|Publication number||US7073684 B2|
|Application number||US 10/810,129|
|Publication date||Jul 11, 2006|
|Filing date||Mar 26, 2004|
|Priority date||Mar 26, 2004|
|Also published as||EP1727453A1, US20050211716, WO2005102130A1|
|Publication number||10810129, 810129, US 7073684 B2, US 7073684B2, US-B2-7073684, US7073684 B2, US7073684B2|
|Inventors||Christopher Vincent Decker, Christopher Michael Bechyne, Stephen Robert Kehn, Cleary E. Mahaffey, Herb Flores Velazquez, John Martin Wydeven, Yung Hsiang Huang|
|Original Assignee||Kimberly-Clark Wordwide, Inc.|
|Export Citation||BiBTeX, EndNote, RefMan|
|Patent Citations (71), Referenced by (19), Classifications (7), Legal Events (4)|
|External Links: USPTO, USPTO Assignment, Espacenet|
Wet wipes are available in a variety of shapes, sizes and compositions. One common wet wipe is a pre-moistened, disposable towelettes. Such wet wipes can be utilized in a variety of applications both domestic and industrial and can perform a variety of functions. Wet wipes are typically used to wipe surfaces both animate and inanimate, and may provide numerous benefits such as cleaning, cleansing, disinfecting, and skin care benefits. One particular application of wet wipes is for wiping parts of a human body particularly when wash water is not available, for example when traveling. Wet wipes are also commonly used for human cleansing and wiping in general such as anal, perineal and genital cleansing, and face and hand cleansing. One example of such a wet wipe is an intimate feminine hygiene wipe. Wet wipes may also be used for application of substances to the body including removing or applying make-up, skin conditioners and medications. Other applications for wet wipes include wiping the buttock of a baby during diaper changes and for the treatment of adult and baby dermatitis partly caused by the use of diapers and incontinence undergarments. In addition, wet wipes can be used for wiping and or cleaning other surfaces or for the application of compositions to surfaces. For example, wet wipes can be used to wipe kitchen and bathroom surfaces, eyeglasses, shoes and surfaces which require cleaning in industry. Examples of wet wipes in industrial applications include cleaning surfaces of tools, machinery, contaminated, dirty or greasy parts and materials, etc. Wet wipes can also be used for the cleaning or grooming of household pets, like cats and dogs.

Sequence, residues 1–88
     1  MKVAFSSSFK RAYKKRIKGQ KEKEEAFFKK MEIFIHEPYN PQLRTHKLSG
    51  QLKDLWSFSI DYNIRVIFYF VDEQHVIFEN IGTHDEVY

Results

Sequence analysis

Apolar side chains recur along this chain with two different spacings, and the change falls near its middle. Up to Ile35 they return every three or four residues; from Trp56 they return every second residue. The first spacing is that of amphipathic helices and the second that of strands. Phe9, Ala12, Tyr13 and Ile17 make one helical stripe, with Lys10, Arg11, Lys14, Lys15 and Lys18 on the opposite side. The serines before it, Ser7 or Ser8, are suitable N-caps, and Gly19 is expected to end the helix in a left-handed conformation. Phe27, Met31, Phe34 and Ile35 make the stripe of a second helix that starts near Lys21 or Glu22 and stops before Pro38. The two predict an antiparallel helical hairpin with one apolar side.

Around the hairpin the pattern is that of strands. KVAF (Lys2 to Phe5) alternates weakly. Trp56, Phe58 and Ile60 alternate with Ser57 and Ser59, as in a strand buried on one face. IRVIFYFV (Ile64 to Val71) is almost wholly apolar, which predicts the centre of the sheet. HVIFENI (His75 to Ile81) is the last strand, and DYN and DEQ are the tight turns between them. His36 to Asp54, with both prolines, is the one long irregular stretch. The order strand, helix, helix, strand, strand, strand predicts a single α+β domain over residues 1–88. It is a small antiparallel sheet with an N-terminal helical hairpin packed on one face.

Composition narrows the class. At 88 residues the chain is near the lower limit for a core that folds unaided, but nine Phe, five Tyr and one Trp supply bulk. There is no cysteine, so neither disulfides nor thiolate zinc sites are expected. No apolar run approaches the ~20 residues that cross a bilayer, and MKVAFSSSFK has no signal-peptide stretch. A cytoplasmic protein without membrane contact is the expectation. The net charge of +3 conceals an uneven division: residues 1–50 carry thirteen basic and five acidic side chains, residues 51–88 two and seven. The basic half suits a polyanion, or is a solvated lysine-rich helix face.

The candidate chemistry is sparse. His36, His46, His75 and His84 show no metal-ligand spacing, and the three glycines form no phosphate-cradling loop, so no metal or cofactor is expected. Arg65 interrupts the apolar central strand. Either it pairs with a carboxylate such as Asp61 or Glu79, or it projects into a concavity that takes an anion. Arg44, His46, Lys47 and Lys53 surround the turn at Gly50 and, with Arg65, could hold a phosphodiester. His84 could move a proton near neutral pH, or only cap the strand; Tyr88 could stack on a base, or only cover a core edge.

Various dispenser designs are commercially available today for housing, storing and dispensing such wet wipes. Some are large tubs or flexible packages that are several inches in vertical height. Such larger dispensers are designed to hold over eighty wet wipes. Other designs include slim travel dispensers or travel packs that can contain less than twenty five wet wipes. Some dispensers allow for removal of an individual wet wipe while others permit multiple wet wipes to be simultaneously withdrawn from the dispenser. One issue with many dispensers is the lack of ease in removing a single wet wipe with one hand. For example, a mother in the act of changing an infant's diaper may be required to use her right hand to hold the baby still while using only her left hand to open and grab a wet wipe. Under such conditions, the consumer needs to be able to readily pick up and separate one wet wipe from the stack and remove the wet wipe from the dispenser using only one hand and without causing the dispenser to be raised up from the surface on which it is placed during the removal process.
The problem of not being able to easily dispense a single wet wipe from the stack and remove it from the dispenser is due to a number of reasons. First, each wet wipe sheet is commonly bi-folded or tri-folded and then placed one on top of another to form a stack. Many times, the wet wipe sheets are folded, nested, interleaved or joined to an adjacent wet wipe sheet by a perforated tear line. The exact location of the leading edge of the upper most sheet in the stack may not be easily identified, either visually or tacitly. This is partly due to the fact that the substrate material of the wet wipe is typically homogeneous and thus the leading edge of the wet wipe, particularly when folded, can be hard to distinguish from the substrate material on which it rests. In addition, the leading edge portion of the wet wipe has a tendency to adhere to the underlying wet wipe substrate material on which it rests. Hence, even tactile identification of the edge by running or dragging of the fingers across the surface of the wet wipe does not immediately result in the identification of the location of the edge.
A second problem is that once the leading edge is located, it may be difficult for the consumer to grasp hold of sufficient substrate material and maintain a grasp thereof in order to separate a single wet wipe sheet from the stack upon which it rests. The consumer often is only able to grasp a small portion of the leading edge such that a tight grip thereof is not established and hence the wet wipe sheet easily slips from the fingers of the consumer.
Other factors contributing to the problem of single wet wipe dispensing include the tendency of the wet wipe substrate material to adhere to itself. This is partially due to the compression of the stack of wet wipes during manufacturing and storage. The existence of an attractive force between adjacent wet wipe sheets is compounded by the liquid solution used to impregnate the substrate material. Wet materials tend to adhere to themselves. In addition, the actual weight of the stack of wet wipes tends to keep it together. As a result, when the wet wipes are folded or interleaved together to form a stack, the substrate material tends to adhere to itself and to the substrate material of adjacent sheets. Furthermore, when the wet wipe are interleaved or joined together by a tear line, such as a perforation line, additional resistance is created since a force is needed to overcome the connection between adjacent wet wipe sheets.